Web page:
Integration of Plotly in Reactjs

While developing a website sometimes we need to handle large amounts of data and need to show in such a manner users can understand it easily. In data visualization, we take information or data and represent it in a visual format like maps and graphs. Due to graph representation it’s easier to understand the patterns, trends, and visualize the data.
The main reason to use the graph is to represent the data that is too numerous and difficult to show easily in text and in small space.

Commonly used libraries

A lot of time we need to add different types of graphs to represent the data. There are multiple libraries used to represent the graph. The most commonly used libraries are:
  1. Chart.js
  2. Victory
  3. Plotly.js
  4. Highcharts
  5. nvd3. 
  6. C3.js
  7. Chartist
In this article, I will explain how to integrate plotly.js and generate graphs for our website using Reactjs.

Overview of Plotly

Built on top of d3.js and stack.gl, plotly.js is a high-level, declarative charting library. plotly.js ships with over 40 chart types, including scientific charts, 3D graphs, statistical charts, SVG maps, financial charts, and more.
Plotly is an open-source Javascript library used to draw charts. For react we use the react-plotly.js library with plotly.js.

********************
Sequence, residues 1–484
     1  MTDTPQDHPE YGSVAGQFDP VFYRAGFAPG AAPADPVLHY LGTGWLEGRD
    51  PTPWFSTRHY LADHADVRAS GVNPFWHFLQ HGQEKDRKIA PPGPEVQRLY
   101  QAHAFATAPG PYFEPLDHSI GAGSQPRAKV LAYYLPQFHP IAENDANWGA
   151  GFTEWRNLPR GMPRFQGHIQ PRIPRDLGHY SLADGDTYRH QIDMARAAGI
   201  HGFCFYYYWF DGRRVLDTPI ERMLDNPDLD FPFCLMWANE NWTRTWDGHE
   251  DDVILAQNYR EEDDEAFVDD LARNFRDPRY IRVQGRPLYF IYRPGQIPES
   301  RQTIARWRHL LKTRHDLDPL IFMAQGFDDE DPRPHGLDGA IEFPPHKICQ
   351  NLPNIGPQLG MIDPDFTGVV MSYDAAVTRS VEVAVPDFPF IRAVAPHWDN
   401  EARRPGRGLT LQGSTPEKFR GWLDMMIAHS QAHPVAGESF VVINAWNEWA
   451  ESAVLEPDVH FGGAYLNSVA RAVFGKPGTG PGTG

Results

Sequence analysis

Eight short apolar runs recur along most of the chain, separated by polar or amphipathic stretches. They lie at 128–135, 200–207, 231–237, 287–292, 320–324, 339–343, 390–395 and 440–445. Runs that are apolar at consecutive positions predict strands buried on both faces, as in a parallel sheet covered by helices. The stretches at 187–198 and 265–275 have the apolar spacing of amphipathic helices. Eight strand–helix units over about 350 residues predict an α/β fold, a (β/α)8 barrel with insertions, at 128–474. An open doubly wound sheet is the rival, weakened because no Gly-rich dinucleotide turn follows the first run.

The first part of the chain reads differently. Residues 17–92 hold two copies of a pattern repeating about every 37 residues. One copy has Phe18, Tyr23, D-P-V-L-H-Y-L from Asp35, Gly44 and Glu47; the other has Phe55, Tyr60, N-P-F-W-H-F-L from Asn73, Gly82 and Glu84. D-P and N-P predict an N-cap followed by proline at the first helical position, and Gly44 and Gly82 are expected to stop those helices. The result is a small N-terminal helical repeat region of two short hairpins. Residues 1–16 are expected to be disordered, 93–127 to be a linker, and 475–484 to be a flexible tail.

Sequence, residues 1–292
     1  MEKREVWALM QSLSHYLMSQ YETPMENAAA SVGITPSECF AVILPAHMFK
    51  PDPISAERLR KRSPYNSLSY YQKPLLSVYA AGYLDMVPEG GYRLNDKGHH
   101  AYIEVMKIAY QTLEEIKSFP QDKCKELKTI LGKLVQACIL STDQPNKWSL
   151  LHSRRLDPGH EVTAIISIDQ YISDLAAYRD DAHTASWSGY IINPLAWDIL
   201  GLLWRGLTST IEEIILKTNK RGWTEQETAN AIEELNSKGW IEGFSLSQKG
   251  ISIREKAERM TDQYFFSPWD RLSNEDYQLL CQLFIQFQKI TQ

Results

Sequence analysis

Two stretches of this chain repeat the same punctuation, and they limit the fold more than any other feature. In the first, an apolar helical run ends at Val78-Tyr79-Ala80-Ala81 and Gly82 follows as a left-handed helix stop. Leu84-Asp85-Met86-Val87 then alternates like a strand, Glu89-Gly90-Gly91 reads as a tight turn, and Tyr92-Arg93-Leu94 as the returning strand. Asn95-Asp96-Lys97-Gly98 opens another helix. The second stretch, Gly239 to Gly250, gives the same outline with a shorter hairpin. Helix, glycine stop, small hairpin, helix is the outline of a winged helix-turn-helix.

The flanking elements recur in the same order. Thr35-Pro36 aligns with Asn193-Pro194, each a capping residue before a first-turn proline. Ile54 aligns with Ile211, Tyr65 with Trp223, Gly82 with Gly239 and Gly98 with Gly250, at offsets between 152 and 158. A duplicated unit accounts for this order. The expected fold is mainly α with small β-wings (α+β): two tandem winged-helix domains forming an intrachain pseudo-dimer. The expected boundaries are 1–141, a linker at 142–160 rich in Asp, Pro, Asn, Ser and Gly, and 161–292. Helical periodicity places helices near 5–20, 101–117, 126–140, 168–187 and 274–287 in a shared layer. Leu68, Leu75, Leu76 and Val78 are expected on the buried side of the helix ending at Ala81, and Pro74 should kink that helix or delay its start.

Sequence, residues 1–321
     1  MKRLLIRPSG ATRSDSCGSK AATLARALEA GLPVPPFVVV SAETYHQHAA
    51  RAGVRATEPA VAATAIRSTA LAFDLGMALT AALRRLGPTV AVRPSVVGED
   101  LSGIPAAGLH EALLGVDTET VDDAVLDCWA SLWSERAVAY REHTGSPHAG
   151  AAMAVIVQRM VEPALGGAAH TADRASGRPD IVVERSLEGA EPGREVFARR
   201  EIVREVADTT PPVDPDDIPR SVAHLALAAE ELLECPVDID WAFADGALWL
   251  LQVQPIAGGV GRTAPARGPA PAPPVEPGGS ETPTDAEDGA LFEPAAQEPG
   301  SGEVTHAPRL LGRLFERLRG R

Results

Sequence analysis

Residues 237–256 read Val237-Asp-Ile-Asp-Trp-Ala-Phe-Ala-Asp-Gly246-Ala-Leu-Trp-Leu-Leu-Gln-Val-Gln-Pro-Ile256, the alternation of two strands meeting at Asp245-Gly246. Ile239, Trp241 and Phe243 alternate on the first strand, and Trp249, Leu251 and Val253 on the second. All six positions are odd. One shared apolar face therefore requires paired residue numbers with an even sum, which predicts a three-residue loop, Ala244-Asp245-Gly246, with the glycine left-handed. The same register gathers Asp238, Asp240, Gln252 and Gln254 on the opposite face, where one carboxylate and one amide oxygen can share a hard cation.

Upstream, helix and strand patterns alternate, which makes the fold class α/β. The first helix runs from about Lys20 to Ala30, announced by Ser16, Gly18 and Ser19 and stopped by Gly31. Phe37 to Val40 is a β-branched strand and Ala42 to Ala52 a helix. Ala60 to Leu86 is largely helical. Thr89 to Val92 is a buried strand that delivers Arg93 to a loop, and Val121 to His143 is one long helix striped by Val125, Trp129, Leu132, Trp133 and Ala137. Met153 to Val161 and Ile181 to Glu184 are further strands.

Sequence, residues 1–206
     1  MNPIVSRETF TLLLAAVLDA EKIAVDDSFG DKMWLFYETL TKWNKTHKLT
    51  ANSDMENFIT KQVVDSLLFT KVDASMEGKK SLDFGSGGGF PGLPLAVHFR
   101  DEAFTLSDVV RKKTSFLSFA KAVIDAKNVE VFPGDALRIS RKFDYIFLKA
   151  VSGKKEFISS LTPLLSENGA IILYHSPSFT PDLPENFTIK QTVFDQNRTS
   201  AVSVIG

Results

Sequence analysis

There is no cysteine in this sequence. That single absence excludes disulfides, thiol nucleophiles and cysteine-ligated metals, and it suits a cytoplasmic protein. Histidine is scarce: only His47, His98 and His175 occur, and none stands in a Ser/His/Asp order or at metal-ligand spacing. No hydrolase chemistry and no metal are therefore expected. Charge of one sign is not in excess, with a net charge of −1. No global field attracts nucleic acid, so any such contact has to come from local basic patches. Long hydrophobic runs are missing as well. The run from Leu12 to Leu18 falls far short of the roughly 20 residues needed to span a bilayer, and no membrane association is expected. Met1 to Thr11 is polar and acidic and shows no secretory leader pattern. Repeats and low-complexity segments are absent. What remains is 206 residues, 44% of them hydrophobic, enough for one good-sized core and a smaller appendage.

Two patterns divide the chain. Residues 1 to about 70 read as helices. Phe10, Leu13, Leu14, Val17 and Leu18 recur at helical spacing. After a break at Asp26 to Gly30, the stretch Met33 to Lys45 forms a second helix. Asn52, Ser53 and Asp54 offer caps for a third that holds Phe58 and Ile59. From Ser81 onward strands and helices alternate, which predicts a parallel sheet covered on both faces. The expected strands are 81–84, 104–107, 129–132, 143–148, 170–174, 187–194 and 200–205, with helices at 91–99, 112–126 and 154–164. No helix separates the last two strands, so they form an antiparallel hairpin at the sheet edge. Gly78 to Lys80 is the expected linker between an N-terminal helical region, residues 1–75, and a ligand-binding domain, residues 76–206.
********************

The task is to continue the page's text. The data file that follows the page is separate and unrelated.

The data for the Plotly.js graph is a JSON object. Every attribute like color, grids, data has a respective JSON object.
In plotly graph description groups attributes into two sections:

Traces

Plotly supports different traces types like scatter, bar, pie, line charts, etc. Every trace has some common keys and additional extra keys depending on the type of the trace.
For example,
data={[

          {

            x: [1, 2, 3],

            y: [2, 6, 3],

            type: "scatter",

            mode: "lines+markers",

            marker: { color: "red" },

          },

          { type: "bar", x: [1, 2, 3], y: [2, 5, 3] },

        ]}
Here we discuss some keys of traces objects,
TypeThe type key is the type of graph we want to represent. Here in the above example, we used bar and scatter type.
Name It is the trace name. This name shows on hover and to the legend item.
Visible It decides the trace is visible or not. It has 3 values true, false, legendonly“.The default value is true. If legendonlythen it does not appear on the graph but when we click on legend then it showed.
Showlegend It determines the legends are shown or not. By default its value is true.
Opacity It sets the opacity of the trace. It lies between or equal to the 0 and 1.
Mode It shows the drawing mode for the traces of type scatter. It is a combination of strings “lines”,”markers”,”text” that joined with + or “none”.
For example, “lines+markers”
x It represents the x coordinates. The values of these keys are data arrays.
y It represents the y coordinates. The values of these keys are data arrays.